The health risks posed by the products we consume are, in terms of characteristics and magnitude, different from those found in the past. Such products form an intrinsic part of people’s daily lives, being present in the places where they live, work, and enjoy themselves, in the food and water they consume, in the soil they step on, and in the air they breathe. These risks can be called “technological risks” (e.g., Freitas et al. 2001) or “new risks” (e.g., Gonçalves 2007) and are characterized by having traits that are invisible to humans, their global extent, the difficulty of delimiting them in time and space and predicting their consequences, and their expansion in time, thus reaching future generations.

The presence of different types of uncertainties in health impacts is also a central aspect related to:
  • The limit of existing data on the toxicity of different substances, which is the result of complex interaction between them, the reaction of different living organisms to exposure, the indirect and variable routes of exposure (food chain, water and air), and the historical differences of the clinical state of individuals and populations.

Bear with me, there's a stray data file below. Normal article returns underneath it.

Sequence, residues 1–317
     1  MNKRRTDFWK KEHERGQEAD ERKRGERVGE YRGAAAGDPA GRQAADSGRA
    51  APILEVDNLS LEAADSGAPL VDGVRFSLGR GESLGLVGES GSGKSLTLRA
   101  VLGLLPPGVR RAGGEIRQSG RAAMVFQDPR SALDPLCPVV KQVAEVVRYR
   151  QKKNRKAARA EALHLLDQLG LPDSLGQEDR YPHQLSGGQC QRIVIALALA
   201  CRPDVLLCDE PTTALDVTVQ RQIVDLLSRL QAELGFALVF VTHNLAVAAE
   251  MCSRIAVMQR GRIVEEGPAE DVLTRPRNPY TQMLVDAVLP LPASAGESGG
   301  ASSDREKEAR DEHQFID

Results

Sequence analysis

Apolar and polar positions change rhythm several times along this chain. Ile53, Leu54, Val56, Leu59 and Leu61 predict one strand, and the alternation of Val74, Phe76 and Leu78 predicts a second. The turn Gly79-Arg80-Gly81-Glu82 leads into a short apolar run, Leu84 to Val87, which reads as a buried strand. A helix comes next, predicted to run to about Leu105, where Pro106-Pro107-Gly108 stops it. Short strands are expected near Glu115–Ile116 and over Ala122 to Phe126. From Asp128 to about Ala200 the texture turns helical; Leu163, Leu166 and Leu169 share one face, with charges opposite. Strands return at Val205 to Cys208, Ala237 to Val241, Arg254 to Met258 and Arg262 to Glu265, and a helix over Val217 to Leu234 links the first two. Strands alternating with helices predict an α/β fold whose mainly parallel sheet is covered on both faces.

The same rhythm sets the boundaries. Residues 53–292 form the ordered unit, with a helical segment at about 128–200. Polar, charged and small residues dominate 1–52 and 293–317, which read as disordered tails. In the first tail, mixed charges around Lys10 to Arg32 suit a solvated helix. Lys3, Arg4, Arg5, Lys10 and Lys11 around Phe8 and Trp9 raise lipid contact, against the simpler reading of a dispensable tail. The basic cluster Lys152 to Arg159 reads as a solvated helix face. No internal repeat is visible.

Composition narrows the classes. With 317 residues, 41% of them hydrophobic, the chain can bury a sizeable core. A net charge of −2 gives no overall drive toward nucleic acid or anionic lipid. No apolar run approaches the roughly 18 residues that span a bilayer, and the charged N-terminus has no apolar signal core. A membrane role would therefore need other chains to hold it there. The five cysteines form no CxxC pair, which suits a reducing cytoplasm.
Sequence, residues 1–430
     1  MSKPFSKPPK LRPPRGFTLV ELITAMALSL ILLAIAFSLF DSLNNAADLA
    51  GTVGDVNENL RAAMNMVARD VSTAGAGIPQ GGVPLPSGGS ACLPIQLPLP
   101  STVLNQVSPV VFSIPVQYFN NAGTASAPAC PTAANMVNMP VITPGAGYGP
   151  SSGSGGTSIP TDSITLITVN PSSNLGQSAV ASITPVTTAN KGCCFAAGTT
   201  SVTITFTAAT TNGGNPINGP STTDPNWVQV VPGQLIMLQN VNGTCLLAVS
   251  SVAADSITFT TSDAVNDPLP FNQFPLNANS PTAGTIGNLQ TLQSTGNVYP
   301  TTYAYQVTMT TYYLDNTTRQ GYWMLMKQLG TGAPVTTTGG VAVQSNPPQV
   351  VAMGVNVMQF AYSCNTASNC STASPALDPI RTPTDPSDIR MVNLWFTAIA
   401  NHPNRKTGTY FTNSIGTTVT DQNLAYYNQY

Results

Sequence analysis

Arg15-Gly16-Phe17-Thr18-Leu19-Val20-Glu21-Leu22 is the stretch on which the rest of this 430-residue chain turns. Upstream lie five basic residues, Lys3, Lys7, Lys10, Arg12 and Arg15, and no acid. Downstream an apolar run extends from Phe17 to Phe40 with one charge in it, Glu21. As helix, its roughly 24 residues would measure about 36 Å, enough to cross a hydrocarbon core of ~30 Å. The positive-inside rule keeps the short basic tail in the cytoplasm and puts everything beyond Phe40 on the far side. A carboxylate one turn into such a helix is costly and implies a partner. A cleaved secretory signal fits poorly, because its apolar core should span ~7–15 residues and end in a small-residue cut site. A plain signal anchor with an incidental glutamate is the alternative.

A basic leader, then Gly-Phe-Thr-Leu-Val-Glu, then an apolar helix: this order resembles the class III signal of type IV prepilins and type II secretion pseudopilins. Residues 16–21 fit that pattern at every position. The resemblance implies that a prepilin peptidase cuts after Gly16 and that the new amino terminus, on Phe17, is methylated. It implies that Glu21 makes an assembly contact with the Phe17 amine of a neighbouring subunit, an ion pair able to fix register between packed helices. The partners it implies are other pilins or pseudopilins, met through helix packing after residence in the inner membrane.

• The limit of scientific knowledge to elaborate a description of complexity, using models and not assuming their limitations in a transparent way.

  • The influence of the individual options of scientists and technicians by certain methodologies in the course of identifying and choosing solutions to a problem.

  • The amplification of uncertainty by its concealment of the public and private institutions responsible for decision-making processes (Fernandes et al. 2016).

Some of the health impacts of what is identified as progress in different areas in human societies are rather alarming. Cases of chemicals and their applications have shown signs of having negative health ramifications on the society (Harremoes et al. 2001). For example, the problems resulting from exposure to benzene led to a decrease in the exposure limit in the workplace from 100 parts per million (ppm) in 1946 to 1 ppm in 1987. Another example is the polychlorinated biphenyl type compounds (PCBs), which came into production in 1929 and 37 years later were considered toxic and persistent in the food chain: in 1972 they were banned in Sweden and in 2010 from the European Union. Other examples of how chemicals and products have gone from solution to problem include asbestos, chlorofluorocarbons CFCs, diethyl-stilbestrol (DES; applied to abortion prevention), and methyl tert-Butyl ether (MTBE; used to replace lead as an additive to gasoline) (Harremoes et al. 2001). These examples show how public policies change following developments in scientific knowledge, but some uncertainties will never be eliminated from existing knowledge.